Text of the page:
Is Ron Paul Actually a Libertarian?

Add to the list of things I don’t understand about Occupy Wall Street — along with why they think blocking midday foot traffic on Wall Street with a meditation line (1) is a good idea, or (2) helps their cause — the support Ron Paul enjoys in some substantial portion of the group. I get that Paul’s wonky, anti-war, farther left than most of the Republican Field, and has some creative economic ideas that don’t involve mortgaging the country’s future to whichever bank can cut him a check the fastest. But Paul’s libertarian ideals functionally end where most liberals would like to see them begin: the bedroom. Paul’s philosophy remains just as intrusive into Americans’ intimate decisions as the rest of the Republican field, maybe not in theory, but in fact. Take as an example his “We The People” Act, the operative section of which follows:

SECTION 3: LIMITATION ON JURISDICTION

The Supreme Court of the United States and each Federal court (1) shall not adjudicate–

(A) any claim involving the laws, regulations, or policies of any State or unit of local government relating to the free exercise or establishment of religion;

(B) any claim based upon the right of privacy, including any such claim related to any issue of sexual practices, orientation, or reproduction; or

(C) any claim based upon equal protection of the laws to the extent such claim is based upon the right to marry without regard to sex or sexual orientation; and

(2) shall not rely on any judicial decision involving any issue referred to in paragraph (1).

The effect of which is, functionally, to overrule Roe, Griswold, and the entirety of Establishment Clause jurisprudence as applied to the states. Devolving social issues to the states is sound anti-federalist logic, but consider the practical result. Do we really want the kind of country where New Yorkers would enjoy most and more of the freedoms they enjoy today, but Alabama could consecrate its entire state apparatus in Jesus Christ’s own name, ban non-Christians from office, forbid abortions and the sale of contraceptives, and permanently relegate its gay citizens to second-class status? We conclusively rejected a patchwork notion of liberty in the 1860s; do we abandon that, based on some distorted re-imagining of the phrase “We, the People”? Apparently so, for that part of Zuccotti Park that doesn’t know better; but for all intents and purposes, Ron Paul is no better than Newt Gingrich or Jesse Helms.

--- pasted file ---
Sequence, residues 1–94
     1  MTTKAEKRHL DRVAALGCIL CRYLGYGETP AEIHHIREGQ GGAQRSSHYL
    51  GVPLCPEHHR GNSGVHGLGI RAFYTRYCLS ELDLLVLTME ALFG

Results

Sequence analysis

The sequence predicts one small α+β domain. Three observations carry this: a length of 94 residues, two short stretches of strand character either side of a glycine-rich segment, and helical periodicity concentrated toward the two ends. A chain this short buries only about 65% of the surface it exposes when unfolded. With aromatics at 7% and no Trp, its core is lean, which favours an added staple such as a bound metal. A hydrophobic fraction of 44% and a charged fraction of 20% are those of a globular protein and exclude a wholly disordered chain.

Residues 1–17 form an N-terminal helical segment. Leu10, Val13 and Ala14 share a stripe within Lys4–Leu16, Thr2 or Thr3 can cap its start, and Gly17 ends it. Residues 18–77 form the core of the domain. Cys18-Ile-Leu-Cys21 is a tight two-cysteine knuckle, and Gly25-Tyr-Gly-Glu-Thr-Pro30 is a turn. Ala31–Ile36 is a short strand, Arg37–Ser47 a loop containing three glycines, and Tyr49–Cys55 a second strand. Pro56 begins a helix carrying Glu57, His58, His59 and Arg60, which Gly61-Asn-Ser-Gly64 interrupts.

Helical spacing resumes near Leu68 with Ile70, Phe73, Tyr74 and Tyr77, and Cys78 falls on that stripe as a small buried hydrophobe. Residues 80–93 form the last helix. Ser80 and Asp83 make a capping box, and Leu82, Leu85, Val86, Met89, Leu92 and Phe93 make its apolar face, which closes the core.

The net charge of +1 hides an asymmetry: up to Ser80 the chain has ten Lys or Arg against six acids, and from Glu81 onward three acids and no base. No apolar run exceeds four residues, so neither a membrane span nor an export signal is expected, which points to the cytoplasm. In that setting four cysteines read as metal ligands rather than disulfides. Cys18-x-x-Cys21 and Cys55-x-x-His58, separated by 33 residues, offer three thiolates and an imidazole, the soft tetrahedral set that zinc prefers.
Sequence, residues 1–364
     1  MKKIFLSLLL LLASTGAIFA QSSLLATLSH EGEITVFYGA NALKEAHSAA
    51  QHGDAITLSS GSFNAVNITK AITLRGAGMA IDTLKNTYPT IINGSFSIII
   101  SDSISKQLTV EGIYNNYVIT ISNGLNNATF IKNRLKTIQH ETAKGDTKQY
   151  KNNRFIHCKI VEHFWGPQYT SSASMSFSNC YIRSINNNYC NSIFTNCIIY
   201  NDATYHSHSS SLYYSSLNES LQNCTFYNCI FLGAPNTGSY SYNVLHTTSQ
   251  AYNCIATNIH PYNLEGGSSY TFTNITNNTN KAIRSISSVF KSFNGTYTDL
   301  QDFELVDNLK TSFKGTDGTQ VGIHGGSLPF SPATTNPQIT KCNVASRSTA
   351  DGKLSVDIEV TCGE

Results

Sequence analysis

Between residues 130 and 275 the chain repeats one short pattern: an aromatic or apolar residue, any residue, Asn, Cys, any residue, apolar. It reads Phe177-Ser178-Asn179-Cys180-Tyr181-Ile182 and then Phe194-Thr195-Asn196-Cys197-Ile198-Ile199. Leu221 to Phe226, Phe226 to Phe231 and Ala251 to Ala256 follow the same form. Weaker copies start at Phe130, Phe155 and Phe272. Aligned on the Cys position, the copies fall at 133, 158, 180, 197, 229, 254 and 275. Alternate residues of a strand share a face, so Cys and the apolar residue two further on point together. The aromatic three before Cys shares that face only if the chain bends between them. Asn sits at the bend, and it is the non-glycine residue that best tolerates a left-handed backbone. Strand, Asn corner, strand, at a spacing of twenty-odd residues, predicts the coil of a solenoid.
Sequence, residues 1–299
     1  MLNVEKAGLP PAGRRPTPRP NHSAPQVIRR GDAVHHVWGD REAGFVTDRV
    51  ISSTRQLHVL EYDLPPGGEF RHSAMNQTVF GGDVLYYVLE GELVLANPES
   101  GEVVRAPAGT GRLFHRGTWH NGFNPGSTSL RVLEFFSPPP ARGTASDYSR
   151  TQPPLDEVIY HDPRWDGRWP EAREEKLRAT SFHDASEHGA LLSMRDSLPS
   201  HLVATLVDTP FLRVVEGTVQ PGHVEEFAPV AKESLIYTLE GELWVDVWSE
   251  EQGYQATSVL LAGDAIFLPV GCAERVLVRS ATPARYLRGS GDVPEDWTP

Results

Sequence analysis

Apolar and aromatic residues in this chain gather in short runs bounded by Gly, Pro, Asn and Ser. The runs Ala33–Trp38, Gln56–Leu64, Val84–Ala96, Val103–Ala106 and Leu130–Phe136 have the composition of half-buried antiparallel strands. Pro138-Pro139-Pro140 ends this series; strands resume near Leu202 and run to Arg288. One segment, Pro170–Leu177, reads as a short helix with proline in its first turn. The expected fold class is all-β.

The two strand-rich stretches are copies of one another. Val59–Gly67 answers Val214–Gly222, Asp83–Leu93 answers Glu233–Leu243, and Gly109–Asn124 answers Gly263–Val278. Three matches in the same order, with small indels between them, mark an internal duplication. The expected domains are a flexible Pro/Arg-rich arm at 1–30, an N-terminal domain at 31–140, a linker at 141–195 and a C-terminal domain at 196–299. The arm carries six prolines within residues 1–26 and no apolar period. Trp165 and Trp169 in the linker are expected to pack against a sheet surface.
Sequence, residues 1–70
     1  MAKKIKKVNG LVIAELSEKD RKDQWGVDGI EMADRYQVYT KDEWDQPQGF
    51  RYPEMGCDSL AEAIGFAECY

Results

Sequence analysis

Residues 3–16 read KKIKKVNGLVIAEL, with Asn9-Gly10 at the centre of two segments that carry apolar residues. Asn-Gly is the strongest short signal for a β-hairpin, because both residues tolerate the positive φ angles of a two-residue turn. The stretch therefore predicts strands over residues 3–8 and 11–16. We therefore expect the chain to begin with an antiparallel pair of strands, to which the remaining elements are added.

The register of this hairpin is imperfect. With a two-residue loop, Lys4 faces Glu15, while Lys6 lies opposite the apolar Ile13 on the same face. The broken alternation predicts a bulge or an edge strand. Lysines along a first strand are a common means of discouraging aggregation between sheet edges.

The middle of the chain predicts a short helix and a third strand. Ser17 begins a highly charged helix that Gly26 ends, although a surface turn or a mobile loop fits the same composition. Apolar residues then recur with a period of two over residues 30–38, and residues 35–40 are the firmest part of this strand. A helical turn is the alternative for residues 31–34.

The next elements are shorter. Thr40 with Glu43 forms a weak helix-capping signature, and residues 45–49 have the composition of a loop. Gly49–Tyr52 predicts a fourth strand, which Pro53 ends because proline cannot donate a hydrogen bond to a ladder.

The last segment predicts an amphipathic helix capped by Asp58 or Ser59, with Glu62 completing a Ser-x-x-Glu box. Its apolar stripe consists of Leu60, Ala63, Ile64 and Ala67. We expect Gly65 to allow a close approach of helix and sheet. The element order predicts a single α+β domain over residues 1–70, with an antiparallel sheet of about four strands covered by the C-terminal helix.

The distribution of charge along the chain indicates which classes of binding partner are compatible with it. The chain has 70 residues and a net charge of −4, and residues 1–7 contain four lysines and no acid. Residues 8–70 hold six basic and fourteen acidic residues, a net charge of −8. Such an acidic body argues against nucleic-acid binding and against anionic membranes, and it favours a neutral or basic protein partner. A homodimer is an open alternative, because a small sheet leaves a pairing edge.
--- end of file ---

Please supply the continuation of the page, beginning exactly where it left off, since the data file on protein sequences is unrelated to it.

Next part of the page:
Please, let’s just stop paying attention to Ron Paul. Maybe he’ll go away.

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3 comments

  1. I saw a description recently of Ron Paul as a “John Birch libertarian”: he’s fine with trampling individual liberty as long as it’s done by a devolved rather than centralized government. So, yeah, not really that libertarian.

    And what’s particularly bizarre to me about Ron Paul getting libertarian cred from the Occupiers is that there is another anti-war libertarian Republican presidential candidate who 1) doesn’t stop his libertarianism at the bedroom and 2) actually went to Zucotti Park to talk with Occupiers and afterwards expressed support for some of their message and goals (which to my knowledge Ron Paul hasn’t done). I’m talking, of course, about Gary Johnson.

  2. Maybe it’s not so much Occupiers who support Ron Paul as much as it’s Paul-supporters who have come out to join the fun. Our local Occupy demonstrations at least seem to attract all sorts of fringe groups whose issues are only, shall we say tangentially related to the main ones (such as they are).

    But, well, who really knows with those people?

    1. You’ve got a point. More that I think about it, the more I think Ron Paul’s support is driven by a cult of personality more than his supporters’ ideological or policy preferences.

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